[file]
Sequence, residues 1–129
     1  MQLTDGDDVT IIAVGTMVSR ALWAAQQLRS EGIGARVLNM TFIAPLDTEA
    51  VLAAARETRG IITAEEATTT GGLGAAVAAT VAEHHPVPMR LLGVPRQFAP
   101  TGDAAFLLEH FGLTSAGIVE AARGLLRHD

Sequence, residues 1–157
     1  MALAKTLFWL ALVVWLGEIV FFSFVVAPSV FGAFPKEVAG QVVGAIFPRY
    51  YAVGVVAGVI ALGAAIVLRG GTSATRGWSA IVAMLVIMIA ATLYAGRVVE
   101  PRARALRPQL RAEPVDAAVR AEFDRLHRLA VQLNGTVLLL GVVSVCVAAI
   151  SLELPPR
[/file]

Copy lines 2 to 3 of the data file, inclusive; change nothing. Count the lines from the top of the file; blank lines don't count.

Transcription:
     1  MQLTDGDDVT IIAVGTMVSR ALWAAQQLRS EGIGARVLNM TFIAPLDTEA
    51  VLAAARETRG IITAEEATTT GGLGAAVAAT VAEHHPVPMR LLGVPRQFAP